1 April, 2020 Physician Tan Yuan Ming

Boosting Immunity with TCM

Boosting Immunity with TCM

As the age-old TCM adage goes, “正气存内,邪不可干”. In summary, what this tells us is that as long as our body’s immunity is strong enough, we should be shielded from any pathogens that would otherwise cause us to become ill. 

Even with precautionary measures like practising good personal hygiene and wearing masks, a compromised immune system would still make one highly susceptible to various infections. Using TCM theories and therapies, here are a few tips to help you ensure that your immune system is running at full capacity.

Get sufficient rest
Sleep is essential for cell repair, toxin removal, white blood cell production and a myriad of other functions that help to maintain the body’s normal immune function. 

Most people are aware that the average adult requires 7-8 hours of sleep every night. However, the time in which we go to bed is also of equal importance. According to TCM theories, the optimal time to head to bed is at 11pm, as this timing corresponds to when our 胆 (dan) or gallbladder is the most active. 

It is believed that the energies of all our other organs are rejuvenated along with the gallbladder and thus sleeping by 11pm will help ensure that we are getting the most benefits out of our sleep.

Acupressure
Two TCM organs in particular have a close relationship with our immune system, namely the Lungs and the Spleen. 

The lungs are the first point of contact for most environmental pathogens that usually enter via the skin or openings of the face, while the spleen is responsible for the circulation of nutrients to immune cells throughout the body. 

By ensuring these organs are healthy, it will give our bodies a better fighting chance should an infection occur. Below are a few acupoints related to the lung and spleen meridians that you can massage regularly to help boost your immunity.

Acupoint:

列缺 (Lie Que, LU7)

Function: 

  • Regulate lung energy
  • Dispel negative energies

How to massage:

Using your thumb, press gently into the acupoint, then rub in a circular motion continuously for 1 minute.

Acupoint:

合谷 (He Gu, LI4)

Function:

  • Increase immune function
  • Promote Qi and blood circulation throughout the body

How to massage:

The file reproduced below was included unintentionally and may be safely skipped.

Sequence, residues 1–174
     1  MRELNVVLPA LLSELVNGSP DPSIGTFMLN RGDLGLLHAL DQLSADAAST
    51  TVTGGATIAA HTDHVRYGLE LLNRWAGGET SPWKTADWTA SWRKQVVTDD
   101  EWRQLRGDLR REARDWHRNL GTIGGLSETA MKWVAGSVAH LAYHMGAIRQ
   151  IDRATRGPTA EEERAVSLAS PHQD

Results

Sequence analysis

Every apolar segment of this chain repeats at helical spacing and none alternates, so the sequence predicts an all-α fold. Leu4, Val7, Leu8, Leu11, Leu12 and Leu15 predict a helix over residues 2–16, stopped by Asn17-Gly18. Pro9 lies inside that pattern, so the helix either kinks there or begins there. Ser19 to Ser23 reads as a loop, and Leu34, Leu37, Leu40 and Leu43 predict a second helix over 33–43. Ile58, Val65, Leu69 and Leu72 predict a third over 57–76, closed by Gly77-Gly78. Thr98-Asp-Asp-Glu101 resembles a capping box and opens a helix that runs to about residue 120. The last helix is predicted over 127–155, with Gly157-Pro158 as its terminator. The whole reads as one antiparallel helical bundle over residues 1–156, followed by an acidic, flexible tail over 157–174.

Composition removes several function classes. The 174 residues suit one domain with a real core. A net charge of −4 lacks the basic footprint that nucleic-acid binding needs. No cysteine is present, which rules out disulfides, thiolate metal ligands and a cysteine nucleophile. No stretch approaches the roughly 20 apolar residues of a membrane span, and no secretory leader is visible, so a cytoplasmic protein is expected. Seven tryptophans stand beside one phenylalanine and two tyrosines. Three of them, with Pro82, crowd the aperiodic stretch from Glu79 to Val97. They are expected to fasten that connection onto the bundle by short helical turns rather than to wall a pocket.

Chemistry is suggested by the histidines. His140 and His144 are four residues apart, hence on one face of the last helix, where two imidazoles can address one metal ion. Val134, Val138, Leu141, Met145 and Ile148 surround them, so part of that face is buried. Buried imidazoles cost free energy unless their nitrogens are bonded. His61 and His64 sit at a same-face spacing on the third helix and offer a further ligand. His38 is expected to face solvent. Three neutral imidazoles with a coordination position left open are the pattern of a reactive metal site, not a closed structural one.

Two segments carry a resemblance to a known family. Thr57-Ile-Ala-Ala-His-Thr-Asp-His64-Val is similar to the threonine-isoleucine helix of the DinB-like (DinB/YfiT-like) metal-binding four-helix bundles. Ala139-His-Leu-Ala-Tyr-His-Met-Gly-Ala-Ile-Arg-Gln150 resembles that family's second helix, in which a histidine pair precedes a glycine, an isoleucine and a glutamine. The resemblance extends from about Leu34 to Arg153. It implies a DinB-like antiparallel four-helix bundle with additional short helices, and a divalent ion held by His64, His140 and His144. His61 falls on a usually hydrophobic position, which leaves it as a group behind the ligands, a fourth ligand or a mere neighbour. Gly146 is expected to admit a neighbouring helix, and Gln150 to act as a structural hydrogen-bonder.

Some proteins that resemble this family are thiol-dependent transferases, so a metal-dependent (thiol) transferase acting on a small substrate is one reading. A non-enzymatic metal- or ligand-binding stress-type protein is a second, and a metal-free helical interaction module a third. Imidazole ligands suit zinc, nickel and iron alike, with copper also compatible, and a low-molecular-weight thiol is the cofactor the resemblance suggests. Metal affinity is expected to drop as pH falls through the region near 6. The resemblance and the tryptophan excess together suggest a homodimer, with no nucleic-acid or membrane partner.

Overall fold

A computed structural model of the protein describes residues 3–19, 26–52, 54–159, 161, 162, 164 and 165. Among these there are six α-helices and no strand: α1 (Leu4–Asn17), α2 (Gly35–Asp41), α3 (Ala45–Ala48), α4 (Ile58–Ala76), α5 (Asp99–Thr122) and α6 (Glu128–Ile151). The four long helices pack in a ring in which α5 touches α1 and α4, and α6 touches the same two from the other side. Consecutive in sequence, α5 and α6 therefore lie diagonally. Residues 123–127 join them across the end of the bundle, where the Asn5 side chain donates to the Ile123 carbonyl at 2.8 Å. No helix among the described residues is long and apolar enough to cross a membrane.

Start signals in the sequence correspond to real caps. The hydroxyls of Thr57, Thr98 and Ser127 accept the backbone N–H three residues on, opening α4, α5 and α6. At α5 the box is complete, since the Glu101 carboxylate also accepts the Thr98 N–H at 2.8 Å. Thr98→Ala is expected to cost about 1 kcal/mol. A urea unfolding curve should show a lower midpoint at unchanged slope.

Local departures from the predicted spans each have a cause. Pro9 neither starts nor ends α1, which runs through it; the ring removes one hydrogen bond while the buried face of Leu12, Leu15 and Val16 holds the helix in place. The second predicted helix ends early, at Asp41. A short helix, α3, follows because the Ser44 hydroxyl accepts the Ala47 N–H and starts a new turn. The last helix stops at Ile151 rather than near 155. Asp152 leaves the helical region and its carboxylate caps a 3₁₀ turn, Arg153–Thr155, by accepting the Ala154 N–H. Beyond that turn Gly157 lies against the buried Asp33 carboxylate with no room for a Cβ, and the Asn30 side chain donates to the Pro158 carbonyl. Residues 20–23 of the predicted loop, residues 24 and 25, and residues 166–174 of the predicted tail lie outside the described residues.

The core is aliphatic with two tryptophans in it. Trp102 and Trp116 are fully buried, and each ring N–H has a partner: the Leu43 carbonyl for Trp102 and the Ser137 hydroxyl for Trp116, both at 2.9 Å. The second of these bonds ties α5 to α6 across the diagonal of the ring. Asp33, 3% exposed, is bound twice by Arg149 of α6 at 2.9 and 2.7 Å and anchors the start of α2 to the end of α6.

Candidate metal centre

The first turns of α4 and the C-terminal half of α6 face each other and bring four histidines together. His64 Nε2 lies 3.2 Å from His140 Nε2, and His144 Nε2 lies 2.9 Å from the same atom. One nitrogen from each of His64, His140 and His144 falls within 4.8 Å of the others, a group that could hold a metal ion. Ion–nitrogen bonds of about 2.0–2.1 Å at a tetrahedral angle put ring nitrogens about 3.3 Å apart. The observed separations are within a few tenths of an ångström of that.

Using your thumb, press hard into the acupoint and hold for 30 seconds. Soreness is expected.

Acupoint:

足三里 (Zu San Li, ST36)

Function:

  • Stimulate and nourish stomach energy
  • Remove spleen dampness

How to massage:

Using your thumb, press hard into the acupoint, then rub in a circular motion continuously for 1 minute.

Acupoint:

中脘 (Zhong Wan, RN12)

Function:

  • Nourish spleen and regulate stomach energy
  • Remove spleen dampness

How to massage:

Overlap the palm of your left hand to the back of the right hand and place the palm of the right hand on the acupoint. 

Move your hands in a circular motion in the direction of your right thumb for 2-3 minutes.

Exercise
Exercise is another essential component of a healthy immune system. 

Regular moderate exercise helps to ensure good blood circulation throughout the body, which in turn helps immune cells to perform their jobs efficiently. Exercise also releases endorphins that helps in dealing with stress, thereby improving both physical and mental well-being that will contribute to an overall healthier immunity. 

The Health Promotion Board recommends 150 minutes of moderate intensity, or 75 minutes of vigorous intensity physical activity a week. 八段锦(Ba Duan Jin)or The 8 Brocade Exercises is a form of Chinese medical qigong used traditionally to improve physical and mental health. 

Here are 3 simple exercises extracted from 八段锦 (Ba Duan Jin) that you can incorporate into your daily routine to help energise and strengthen your body.

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1. Sway the Head and Shake the Tail

Adopt a wide squat position with your knees pointing outwards at 90-120 degrees and your hands on your knees. 

Bend forward from your hips and rotate from left to right in a circular motion, repeat this movement in the other direction. 

Keep your body in the wide squat position for the entire duration of this exercise. Perform for 6 repetitions (3 rotations in each direction). 

This movement helps regulate heart and lung function.

2. Separate Heaven and Earth